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Montenegro Seeks Stake in Bileća Lake’s Energy Bounty

Montenegro Seeks to Capitalise on Its Share of the Bileća Reservoir Amidst Decades of Unresolved Hydroelectric Potential

Montenegro is set to valorise its portion of the Bileća Reservoir, a man-made lake straddling the border between Montenegro and Bosnia and Herzegovina, the latter of which hosts four hydroelectric power stations on the lake. Notably, one-fifth of the reservoir lies within Montenegrin territory.

Constructed in 1965 by damming the Trebišnjica River, the Bileća Reservoir serves as a natural demarcation line, extending 11 kilometres to separate Montenegro from Bosnia and Herzegovina, specifically the Republika Srpska entity.

While the vast majority of the lake falls within the Bileća municipality in Republika Srpska, a significant 18 percent is located in the Nikšić municipality in central Montenegro.

The waters of the reservoir were harnessed in the 1970s to establish the Trebišnjica Hydroelectric System (HET), benefiting both Bosnia and Herzegovina and Croatia with its energy output.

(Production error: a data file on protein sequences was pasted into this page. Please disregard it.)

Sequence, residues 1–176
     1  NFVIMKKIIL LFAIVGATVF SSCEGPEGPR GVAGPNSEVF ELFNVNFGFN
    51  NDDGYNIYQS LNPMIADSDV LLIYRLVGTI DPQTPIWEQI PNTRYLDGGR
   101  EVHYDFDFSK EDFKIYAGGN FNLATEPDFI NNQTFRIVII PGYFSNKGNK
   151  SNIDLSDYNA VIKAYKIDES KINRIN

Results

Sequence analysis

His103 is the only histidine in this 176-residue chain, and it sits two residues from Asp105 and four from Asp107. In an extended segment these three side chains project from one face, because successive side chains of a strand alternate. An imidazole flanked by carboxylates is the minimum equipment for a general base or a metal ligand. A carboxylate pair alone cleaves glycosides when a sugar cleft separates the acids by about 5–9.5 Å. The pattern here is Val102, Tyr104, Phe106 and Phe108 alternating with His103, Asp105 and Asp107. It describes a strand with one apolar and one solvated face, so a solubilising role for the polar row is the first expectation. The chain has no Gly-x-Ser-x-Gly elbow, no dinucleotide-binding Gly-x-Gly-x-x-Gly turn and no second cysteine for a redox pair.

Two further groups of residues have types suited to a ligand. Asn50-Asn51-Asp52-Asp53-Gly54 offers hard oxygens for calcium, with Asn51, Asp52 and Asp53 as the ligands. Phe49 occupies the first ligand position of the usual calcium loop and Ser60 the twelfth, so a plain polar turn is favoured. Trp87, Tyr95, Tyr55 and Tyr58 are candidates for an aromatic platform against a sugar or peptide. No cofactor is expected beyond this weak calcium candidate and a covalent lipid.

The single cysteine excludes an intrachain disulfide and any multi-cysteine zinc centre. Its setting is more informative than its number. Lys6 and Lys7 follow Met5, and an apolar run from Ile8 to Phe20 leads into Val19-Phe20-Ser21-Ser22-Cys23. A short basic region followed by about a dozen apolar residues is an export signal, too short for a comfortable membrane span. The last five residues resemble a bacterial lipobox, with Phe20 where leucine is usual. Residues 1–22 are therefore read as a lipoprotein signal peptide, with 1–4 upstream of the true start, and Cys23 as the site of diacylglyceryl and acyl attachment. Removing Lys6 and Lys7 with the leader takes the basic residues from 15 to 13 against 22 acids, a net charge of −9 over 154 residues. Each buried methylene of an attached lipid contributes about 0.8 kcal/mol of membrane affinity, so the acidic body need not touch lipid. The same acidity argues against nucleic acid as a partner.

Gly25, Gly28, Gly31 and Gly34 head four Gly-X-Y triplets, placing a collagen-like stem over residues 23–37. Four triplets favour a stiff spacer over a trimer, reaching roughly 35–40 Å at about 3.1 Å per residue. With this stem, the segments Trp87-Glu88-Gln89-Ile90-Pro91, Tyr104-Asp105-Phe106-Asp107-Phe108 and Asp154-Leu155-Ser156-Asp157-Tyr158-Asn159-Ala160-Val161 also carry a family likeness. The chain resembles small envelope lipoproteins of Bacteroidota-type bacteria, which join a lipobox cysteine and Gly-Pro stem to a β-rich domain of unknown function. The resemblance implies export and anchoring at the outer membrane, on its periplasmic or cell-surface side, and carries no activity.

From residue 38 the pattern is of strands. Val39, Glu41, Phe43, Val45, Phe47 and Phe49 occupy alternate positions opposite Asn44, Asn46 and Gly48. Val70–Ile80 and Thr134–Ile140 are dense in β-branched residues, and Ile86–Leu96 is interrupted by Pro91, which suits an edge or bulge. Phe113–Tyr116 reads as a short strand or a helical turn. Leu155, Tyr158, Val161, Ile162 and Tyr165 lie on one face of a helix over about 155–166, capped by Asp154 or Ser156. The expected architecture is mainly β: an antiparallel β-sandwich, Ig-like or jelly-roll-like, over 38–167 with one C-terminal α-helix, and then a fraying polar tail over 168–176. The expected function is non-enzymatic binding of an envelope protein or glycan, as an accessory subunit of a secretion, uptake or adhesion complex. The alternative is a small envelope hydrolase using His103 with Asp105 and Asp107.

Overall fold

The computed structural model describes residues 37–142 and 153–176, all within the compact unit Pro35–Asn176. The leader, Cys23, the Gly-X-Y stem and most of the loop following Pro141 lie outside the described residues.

Key Facts: The Impact of Bileća Reservoir’s Hydro Power

The creation of the Bileća Reservoir, spanning 33 square kilometers, led to the submersion of over five million square meters of Montenegrin territory, resulting in the relocation of several settlements in the Nikšić area.
The Trebišnjica Hydroelectric System, established on the lake, comprises four power plants. Three of these are owned by the Elektroprivreda Republike Srpske, while the fourth’s generated electricity is shared with Croatia’s Hrvatska Elektroprivreda, acknowledging Croatia’s contribution to the system’s construction.
Collectively, these facilities generate approximately 2.7 thousand gigawatt-hours of electricity annually, nearly 90 percent of Montenegro’s total power output in 2022.

Despite numerous attempts by Montenegro in past decades to negotiate its rightful share of this hydroelectric potential with Bosnia and Herzegovina, such efforts have consistently met with failure.

The government of Prime Minister Milo Đukanović is adamant that the time has come for Montenegro to realise this untapped potential. “The government’s stance is that this issue must be brought to the fore, to be resolved most effectively in accordance with international law and practice,” a spokesperson from the Montenegrin Ministry of Energy told Radio Free Europe.

Officials from the Elektroprivreda Republike Srpske (EPRS), which oversees the Bileća Reservoir’s operations, have expressed openness to discussions with Montenegro, confirming to Radio Free Europe their readiness for dialogue.

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